But, now given Marco's death that matters less.
My purpose is not to assert his identity. My purpose in sharing that information is to foster a conversation about Marco as a dynamic candidate for mayor in Clarksdale. For Marco, what mattered were Clarksdale residents. He was keenly focused on reducing crime, improving education, and creating more opportunities for all Clarksdale residents to move forward. He believed in change. He lived it. But that doesn't mean he campaigned on his sexual orientation. Nor should he have! He campaigned, rightly so, on the issues that mattered (and still matter) to Clarksdale residents. He did what any bright, young, ambitious politician should have done. He focused on the people.
He also said to me clearly that he wanted to "break barriers" and "transform Mississippi."
A second impetus for a summit on homophobia and its implications on justice concerns how unfortunate it is that there are those who think Marco's sexuality as a national storyline is disparaging to his reputation. This is quite troubling, particularly, given that, through their push to hide his sexuality, they could also be hiding and covering up the motive of his murder.
We need to discuss Marco's example and other examples through the country that confront how homophobia, even postmortem, can prevent justice from being realized.
The fact that it is now rumored that Marco died as a result of a "mixed signals" encounter with his alleged killer should be enough to open a hate crime investigation. If the rumors that Marco 'hit on' his killer have any validity, one of two things may have happened. Either his alleged killer, though closeted himself, was involved in some mutual relationship with Marco and decided to kill him after such alleged advances. Or Marco's alleged killer is heterosexual, Marco allegedly 'hit on' him, and was subsequently murdered.
In either scenario, a clear possible hate crime is evident and should at least be investigated. In each scenario, the act of being 'hit on' by a gay man led to that gay man being murdered.
Similar tragic events occurred in the Matthew Shepard murder and aftermath from which The Matthew Shepard and James Byrd, Jr. Hate Crimes Prevention Act of 2009 gets half of its name.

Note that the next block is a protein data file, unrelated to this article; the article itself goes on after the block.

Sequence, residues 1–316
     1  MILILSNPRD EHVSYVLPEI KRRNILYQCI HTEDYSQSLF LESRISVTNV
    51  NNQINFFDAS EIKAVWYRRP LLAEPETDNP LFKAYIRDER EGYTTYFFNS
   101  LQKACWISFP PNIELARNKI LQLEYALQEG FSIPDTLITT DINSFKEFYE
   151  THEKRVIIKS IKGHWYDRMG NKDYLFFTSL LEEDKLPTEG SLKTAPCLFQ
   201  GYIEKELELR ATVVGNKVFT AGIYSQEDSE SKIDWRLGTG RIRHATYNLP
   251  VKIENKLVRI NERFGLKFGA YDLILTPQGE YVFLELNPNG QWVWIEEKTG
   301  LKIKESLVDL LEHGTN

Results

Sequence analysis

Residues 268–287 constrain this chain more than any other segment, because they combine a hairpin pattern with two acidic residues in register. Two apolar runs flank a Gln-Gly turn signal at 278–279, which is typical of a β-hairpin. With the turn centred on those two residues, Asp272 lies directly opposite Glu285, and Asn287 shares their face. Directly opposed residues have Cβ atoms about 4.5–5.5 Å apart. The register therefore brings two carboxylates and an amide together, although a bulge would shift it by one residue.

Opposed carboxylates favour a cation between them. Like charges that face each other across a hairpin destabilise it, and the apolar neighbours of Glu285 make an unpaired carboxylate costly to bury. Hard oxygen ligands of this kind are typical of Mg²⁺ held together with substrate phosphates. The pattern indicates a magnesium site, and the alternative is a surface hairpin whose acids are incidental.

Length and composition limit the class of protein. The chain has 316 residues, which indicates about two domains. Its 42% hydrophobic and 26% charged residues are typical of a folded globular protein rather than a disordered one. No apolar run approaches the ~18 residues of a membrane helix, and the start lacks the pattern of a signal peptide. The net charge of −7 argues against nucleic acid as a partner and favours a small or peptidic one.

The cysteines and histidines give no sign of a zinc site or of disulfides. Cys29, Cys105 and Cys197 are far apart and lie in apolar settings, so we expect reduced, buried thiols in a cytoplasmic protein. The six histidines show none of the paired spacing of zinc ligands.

The act was designed for cases like this, where ironically the act's namesakes' identities fit the multiple identities of Marco McMillian -- black and gay.
According to the FBI, a hate crime is a "criminal offense against a person or property motivated in whole or in part by an offender's bias against a race, religion, disability, ethnic origin or sexual orientation."
It should be apparent to any who seek justice in Marco's death that his death should at least be investigated as a hate crime to determine if such charges can be filed. To preemptively decide to not investigate his death as a hate crime is inconsistent with the American ideals Marco fought for -- civil rights and equal opportunity for everyone.
To not investigate Marco's death as a hate crime, in some bigotry-laced attempt to keep 'hush' the fullness of Marco's life is nothing but a travesty and an injustice. Clearly, the state of Mississippi needs to update their definition of a hate crime to include sexual orientation.
It might not be socially convenient in the rural south to investigate his death as a hate crime, but it is the right thing to do given the recent media reporting based on police statements.
To do anything less is to say to Marco: your life -- spent fighting for equal opportunity, equity and freedom for everyone -- was in vain.